Kelowna Road Trip Day 1: Vancouver – Abbotsford – Chilliwack – Kelowna

Kelowna Road Trip Day 1: Vancouver – Abbotsford – Chilliwack – Kelowna

Featured image: Elvis Platter @ Memphis Blues. Photo credit: Aaron.

I know. I’ve been slacking on the travelling front. So, recently while we were in Vancouver, we decided to go on a road trip/getaway to Kelowna, BC!

Any awesome road trip should start with a good breakfast. We decided to stop by Scandilicious before we left Vancouver to fill our stomachs before hitting the road. This is the place to go if you’re craving some good waffles, whether you want plain waffles or waffles blanketed with savoury/sweet toppings. Aaron decided to indulge in the 2 Brussels waffles, two eggs, two sausages and potato nuggets breakfast and I just had the classic Brussels waffle given I’ve been overdoing it on the eating in Vancouver for the previous week. I needed to pace myself. If I had more of an appetite, I would usually choose the Scandilicious option with boiled eggs, shrimp, cucumbers, lemon dill sauce and dill. As expected, the waffles were a balance of sweet and not too sweet, just how we remembered them to be. Although Aaron, the maple syrup lover, had to purchase maple syrup in the middle of the meal because the table syrup just did not meet his standards.

Scandalicious Waffle Breakfast
Waffle Breakfast @ Scandilicious. Photo credit: Aaron.

After breakfast, we were on our way to beautiful Kelowna. Our amazing trip organizer “Bear Woman”, has planned a few stops for us. First stop was at the Abbotsford Bloom Tulip Festival. We visited on a Friday so it wasn’t too busy and tickets were only $10 ($25 on the weekends!). Here you will find rows and rows of tulips. If you also given a pamphlet with the names of all the tulips so you can place an order to plant some at home if you so wish. They have some photo spots e.g. the “Lock Lips for Tulips” photo booth, perfect for couples or non-couples… who just would like to lock lips!

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Abbotsford Bloom Tulip Festival. Photo credit: Aaron.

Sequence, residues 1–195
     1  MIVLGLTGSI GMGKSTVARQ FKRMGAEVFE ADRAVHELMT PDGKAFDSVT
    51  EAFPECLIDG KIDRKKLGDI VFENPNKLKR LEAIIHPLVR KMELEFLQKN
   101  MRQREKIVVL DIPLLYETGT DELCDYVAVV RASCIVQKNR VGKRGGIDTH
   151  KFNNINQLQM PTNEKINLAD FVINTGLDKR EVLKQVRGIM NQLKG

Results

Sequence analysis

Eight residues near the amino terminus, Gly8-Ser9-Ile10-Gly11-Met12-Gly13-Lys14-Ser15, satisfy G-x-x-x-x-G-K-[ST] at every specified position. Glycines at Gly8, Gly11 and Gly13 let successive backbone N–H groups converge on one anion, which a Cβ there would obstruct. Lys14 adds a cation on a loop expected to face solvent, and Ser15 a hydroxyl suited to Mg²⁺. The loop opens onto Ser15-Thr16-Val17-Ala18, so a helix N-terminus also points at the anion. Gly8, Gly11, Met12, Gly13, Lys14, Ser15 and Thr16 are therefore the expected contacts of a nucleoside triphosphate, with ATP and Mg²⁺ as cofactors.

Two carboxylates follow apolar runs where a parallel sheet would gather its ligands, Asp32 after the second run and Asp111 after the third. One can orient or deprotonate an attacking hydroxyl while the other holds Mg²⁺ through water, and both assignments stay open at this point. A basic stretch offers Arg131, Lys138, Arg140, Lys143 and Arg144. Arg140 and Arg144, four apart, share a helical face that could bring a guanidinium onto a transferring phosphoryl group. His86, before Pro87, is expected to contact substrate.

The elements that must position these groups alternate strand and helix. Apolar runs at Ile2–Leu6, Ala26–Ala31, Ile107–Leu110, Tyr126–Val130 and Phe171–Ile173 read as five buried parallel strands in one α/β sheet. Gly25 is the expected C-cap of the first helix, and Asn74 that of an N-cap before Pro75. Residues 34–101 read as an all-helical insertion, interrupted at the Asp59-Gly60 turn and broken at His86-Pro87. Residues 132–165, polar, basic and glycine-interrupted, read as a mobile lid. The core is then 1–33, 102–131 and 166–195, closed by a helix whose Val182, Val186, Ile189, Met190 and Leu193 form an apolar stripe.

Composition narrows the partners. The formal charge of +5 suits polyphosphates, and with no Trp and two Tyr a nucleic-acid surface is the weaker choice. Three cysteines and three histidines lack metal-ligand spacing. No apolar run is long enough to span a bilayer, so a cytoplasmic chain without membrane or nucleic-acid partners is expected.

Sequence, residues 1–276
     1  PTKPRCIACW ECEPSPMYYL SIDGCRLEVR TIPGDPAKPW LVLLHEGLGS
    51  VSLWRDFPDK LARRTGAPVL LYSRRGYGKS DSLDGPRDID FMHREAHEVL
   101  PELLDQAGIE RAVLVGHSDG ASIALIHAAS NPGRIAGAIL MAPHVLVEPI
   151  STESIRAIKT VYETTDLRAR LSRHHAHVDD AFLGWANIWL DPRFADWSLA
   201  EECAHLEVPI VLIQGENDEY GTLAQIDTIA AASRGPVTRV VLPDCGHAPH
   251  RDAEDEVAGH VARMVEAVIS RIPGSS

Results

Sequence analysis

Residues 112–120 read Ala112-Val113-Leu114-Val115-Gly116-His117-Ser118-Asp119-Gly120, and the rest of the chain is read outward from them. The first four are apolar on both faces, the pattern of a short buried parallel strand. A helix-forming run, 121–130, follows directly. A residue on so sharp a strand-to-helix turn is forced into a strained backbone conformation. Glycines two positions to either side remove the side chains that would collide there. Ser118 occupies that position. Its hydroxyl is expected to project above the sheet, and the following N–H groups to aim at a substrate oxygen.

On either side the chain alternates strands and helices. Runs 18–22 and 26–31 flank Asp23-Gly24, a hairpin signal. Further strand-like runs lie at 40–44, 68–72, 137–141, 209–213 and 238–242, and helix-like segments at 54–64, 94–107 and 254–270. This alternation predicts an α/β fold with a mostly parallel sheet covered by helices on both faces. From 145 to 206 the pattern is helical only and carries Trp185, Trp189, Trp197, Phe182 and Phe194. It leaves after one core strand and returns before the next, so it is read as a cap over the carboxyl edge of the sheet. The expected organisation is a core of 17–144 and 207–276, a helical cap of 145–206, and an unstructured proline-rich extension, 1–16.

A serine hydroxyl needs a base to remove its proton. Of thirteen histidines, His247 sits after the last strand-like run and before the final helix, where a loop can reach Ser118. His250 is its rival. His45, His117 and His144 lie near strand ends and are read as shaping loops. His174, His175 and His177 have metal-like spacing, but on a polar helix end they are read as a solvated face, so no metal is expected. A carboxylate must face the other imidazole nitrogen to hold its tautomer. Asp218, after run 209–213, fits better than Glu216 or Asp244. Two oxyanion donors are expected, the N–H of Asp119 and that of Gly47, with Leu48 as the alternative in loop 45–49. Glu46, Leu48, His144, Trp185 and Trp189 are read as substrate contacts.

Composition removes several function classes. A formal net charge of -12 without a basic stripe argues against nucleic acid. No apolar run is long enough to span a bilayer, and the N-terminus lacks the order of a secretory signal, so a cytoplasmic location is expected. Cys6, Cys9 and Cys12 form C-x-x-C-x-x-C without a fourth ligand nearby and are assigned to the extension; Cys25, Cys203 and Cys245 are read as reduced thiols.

Next stop, we only had a drive a little further to reach Bridal Veil Falls in Chilliwack. It was definitely great bang for the buck, given a short 15 minute walk was all it took for us to reach the scenic falls. This is quite efficient given sometimes you’ll need to hike a few hours just to see the main scenic point of a trail.

Bridal Veil Falls in Chilliwack
Bridal Veil Falls in Chilliwack, BC

Before long, we were off on our path to Kelowna again. We were able to locate our Airbnb quite easily and quickly settled down. The Airbnb was actually quite modern and spacious. It was then I noticed that we had 3 women and 3 men, living in a nice house. I laughed at the fact that this reminded me of Terrace House – a Japanese reality show that I’ve been recently (obsessively) watching, where it shows 3 women and 3 men, living in a house with no script. Since the other ladies of the trip are also big fans of this show, we decided to catch up on an episode as soon as we arrived. We had some time before dinner, so we just chilled, had some local beer and played some Settlers of Catan while our trip organizer/driver got some rest.

We had originally planned to have pizza for dinner at Antico Pizza Napoletana but Memphis Blues caught our eyes after we parked, so we changed our plans to go there instead. 1 huge plate of meat for 6 hungry people. Why not? We decided on the Elvis Platter. Easy Peasy. No need to make too many decisions. My favourites on the plate had to be the beef brisket, rib ends and double smoked farmer sausage. The BBQ chicken was also not bad – very juicy and full of BBQ flavours. My only disappointment was in the ribs. I felt it was a little too dry and tough. For sides, we indulged in some coleslaw, potato salad, fries, beans and cornbread. The cornbread definitely did not disappoint. Supposedly meant to feed 5-6 people, this platter was quickly devoured. Our server was obviously impressed with our eating capacity. The food coma from our heavy dinner quickly set in before we called it a night.

Memphis Blues Elvis Platter
Elvis Platter @ Memphis Blues
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Top 7 must eats in Vancouver, Canada – 2017 edition

Top 7 must eats in Vancouver, Canada – 2017 edition

Featured image: Sho Ka Do Bento @ Raisu.

Those who know me would know that I have certain food cravings every time I return to Vancouver. The food scene in Ottawa is not bad if you know where to go, but the selection is definitely not as impressive as that in Vancouver, especially when it comes to Asian cuisine. Here are a few of the items I try to cross off my list whenever I’m back in Vancouver.

1. Sushi